The 30-3-30 approach: How to nail your pitch to investors – StartupSmart


Here’s something all startup founders should know when speaking to an investor: you’ve got 30 seconds of their time. Half a minute to impress them with your idea, or you can forget it.

If you can’t grab an investor’s attention within 30 seconds, then more likely then not your pitch won’t get any further – first impressions count.

It’s not too dissimilar from Tinder. People spend just a couple of seconds checking out your photo before choosing which way to swipe. That photo is your one shot at the title. Wearing sunglasses reduces your chances of a right-swipe by 15%. A hat knocks you down another 12%. Blurry profile pics are another huge fail. But facing the front raises your chances by 20%.

If you’re smart (on Tinder or in business), you’ll do all you can to make the right impression from the start. You aren’t going to get a chance to win someone over with your “great personality” if your headgear or shades repel them.

The same goes for pitching your startup. For the last three years, I’ve been talking about the importance of a process I call “30-3-30”.

It’s pretty simple. You get 30 seconds to hook us with your pitch (either deck or in person). If we like that, we’ll take three minutes to further understand the opportunity. Based on that, you might score a 30 minute face-to-face meeting.

Why do we investors do this? It comes down to a factor of time.

Most startup investors are approached with several pitches a day: one Australian VC firm recently indicated they have said no almost 2000 times over the past few years, and I am sure the number looked at is even higher.

Even if they spend only three minutes on each of them, that’s well over 12 days spent just saying “no” – given this figure would be time from potentially multiple partners the opportunity cost definitely begins to add up.

To do due diligence on all of them, which can take 1-2 months per business, is more hours than we’ve got this century.

By restricting the initial pitch to 30 seconds, investors can filter out the promising ones in a day.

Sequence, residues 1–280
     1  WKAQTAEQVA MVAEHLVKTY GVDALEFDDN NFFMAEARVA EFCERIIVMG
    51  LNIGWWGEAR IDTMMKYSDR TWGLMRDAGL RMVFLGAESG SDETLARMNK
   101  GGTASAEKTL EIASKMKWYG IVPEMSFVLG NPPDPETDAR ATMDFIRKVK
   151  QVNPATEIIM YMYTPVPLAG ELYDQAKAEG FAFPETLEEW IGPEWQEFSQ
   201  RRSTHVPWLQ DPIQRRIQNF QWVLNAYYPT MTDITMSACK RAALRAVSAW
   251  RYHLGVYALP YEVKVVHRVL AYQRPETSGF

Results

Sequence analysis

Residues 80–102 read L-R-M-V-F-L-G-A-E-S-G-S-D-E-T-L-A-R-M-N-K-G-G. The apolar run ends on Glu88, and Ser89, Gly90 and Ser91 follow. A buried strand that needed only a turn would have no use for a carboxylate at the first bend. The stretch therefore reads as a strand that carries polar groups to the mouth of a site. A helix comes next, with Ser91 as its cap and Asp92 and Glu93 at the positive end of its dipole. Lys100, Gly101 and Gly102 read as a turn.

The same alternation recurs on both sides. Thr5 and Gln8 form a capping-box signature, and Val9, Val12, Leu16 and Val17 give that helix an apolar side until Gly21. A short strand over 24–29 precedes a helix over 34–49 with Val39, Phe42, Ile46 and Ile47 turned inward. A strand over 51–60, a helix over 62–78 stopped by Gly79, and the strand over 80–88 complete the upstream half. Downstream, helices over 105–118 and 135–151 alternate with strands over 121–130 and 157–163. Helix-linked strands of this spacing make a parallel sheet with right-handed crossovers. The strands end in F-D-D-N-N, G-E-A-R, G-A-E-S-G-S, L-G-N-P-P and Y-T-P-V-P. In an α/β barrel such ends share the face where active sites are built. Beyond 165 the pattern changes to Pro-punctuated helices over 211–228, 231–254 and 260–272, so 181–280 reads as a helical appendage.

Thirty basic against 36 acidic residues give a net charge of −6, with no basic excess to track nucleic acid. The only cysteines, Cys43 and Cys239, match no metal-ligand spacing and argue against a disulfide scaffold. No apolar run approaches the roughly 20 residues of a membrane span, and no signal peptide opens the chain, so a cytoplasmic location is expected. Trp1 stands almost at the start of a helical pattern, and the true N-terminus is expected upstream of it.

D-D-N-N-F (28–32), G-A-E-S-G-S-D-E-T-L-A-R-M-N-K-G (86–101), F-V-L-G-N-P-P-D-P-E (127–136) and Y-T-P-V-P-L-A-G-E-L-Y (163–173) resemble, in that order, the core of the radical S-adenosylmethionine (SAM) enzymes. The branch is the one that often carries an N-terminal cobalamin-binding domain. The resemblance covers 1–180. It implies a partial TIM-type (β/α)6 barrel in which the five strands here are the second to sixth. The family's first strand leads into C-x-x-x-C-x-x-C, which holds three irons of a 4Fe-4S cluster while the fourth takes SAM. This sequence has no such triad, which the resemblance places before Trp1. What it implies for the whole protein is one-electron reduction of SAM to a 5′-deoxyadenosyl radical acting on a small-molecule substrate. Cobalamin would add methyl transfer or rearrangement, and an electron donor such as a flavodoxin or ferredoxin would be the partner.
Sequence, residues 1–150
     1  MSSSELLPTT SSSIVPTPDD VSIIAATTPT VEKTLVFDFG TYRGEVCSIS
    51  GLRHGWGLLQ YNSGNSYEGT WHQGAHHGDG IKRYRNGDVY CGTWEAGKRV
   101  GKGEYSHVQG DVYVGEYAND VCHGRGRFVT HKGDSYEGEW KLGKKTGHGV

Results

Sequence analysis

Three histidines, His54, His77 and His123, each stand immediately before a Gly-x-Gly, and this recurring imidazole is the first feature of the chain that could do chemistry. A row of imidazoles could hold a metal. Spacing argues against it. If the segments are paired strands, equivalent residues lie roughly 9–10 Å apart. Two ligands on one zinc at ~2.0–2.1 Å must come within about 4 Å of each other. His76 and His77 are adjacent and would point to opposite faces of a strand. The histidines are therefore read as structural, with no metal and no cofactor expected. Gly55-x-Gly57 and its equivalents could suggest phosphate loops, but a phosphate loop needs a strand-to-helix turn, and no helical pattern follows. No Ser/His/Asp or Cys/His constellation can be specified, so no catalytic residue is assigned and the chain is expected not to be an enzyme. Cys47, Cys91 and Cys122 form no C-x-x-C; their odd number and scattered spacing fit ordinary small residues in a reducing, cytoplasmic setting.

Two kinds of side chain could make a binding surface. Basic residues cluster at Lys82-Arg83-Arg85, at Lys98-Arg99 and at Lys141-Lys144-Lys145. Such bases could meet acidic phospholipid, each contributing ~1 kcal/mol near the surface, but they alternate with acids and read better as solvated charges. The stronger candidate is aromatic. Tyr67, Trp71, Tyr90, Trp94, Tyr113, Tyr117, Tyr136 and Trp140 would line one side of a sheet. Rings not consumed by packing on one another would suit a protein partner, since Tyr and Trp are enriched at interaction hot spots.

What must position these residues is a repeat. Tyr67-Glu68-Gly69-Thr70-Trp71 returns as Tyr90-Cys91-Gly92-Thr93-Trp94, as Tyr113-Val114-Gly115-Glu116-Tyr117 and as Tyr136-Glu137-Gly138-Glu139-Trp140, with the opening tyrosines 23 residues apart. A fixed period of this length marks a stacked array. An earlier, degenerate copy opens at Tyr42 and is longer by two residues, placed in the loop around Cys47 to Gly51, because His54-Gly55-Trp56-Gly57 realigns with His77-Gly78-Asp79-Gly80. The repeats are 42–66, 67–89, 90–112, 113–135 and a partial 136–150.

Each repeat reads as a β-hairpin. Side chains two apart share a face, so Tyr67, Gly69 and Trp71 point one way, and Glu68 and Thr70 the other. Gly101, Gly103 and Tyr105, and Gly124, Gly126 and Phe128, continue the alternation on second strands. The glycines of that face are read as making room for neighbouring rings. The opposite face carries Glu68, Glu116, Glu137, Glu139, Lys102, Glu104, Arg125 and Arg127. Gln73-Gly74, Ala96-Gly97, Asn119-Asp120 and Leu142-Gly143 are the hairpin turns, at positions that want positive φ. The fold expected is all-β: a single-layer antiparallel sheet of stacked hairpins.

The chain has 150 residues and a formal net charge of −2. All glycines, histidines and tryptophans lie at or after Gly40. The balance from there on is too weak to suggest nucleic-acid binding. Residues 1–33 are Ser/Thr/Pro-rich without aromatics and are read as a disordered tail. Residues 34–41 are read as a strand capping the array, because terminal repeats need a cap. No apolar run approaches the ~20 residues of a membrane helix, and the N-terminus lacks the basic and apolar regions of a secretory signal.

So let’s look at it step-by-step.

The 30-second pitch

All an investor wants to know at the start is what the concept is and why it is a fit for their portfolio. Sounds easy? Many of startups can’t even get this right.

When they do, it’s compelling. Looking at two deals we actually did go ahead with: Sendle got me interested to read their whole deck just by capturing me with their initial idea – killing the wait at the post-office. Airtasker also got it right by showing me a problem, and a business opportunity, that I understood.

Before jumping into the 30 second-pitch, pick your time. No investor wants to be interrupted in the middle of another meeting or conversation, no matter how awesome your idea is. Be polite, be professional, and you’ll have a much better chance.

The three-minute pitch deck

I think we could all learn from the Y Combinator pitch decks which are literally five slides: a title page/logo, who you are, what you do, what you’ve done so far, and your addressable market size.

As an investor, we’re looking at traction to date and your potential market. We’re interested to see who you’ve got on your board and whether you’ve got good advisers, and any partnerships or any other parties that may have done their own due diligence, valuations, and what they’re asking.

Charts and tables have to be recent and relevant. Old stats are an instant warning bell. If you got some traction in the first couple of months but nothing for the past year, don’t try and bluff it with outdated figures.

The 30-minute meeting

If you’ve managed to get a face-to-face meeting, there’s probably a decent chance of getting investment. You’re definitely not home and dry by this stage but you’re much closer, so don’t screw it up.

This is about proving your startup is as good in person at it was during the pitch deck. It’s also your opportunity to scope out the investor – to see if you’ll be able to work with them as you grow your company.

The smartest founders I’ve dealt with understand the rules of the game. They know that the investment world has a limited amount of time to spend listening to ideas.

Don’t waste the opportunities you get. Like Tinder, ditch your hat and shades. Don’t be vague and blurry. Be front on, direct and clear.

If you can nail the 30-3-30 approach to pitching, you’ll definitely have far greater chance of securing capital for your startup.

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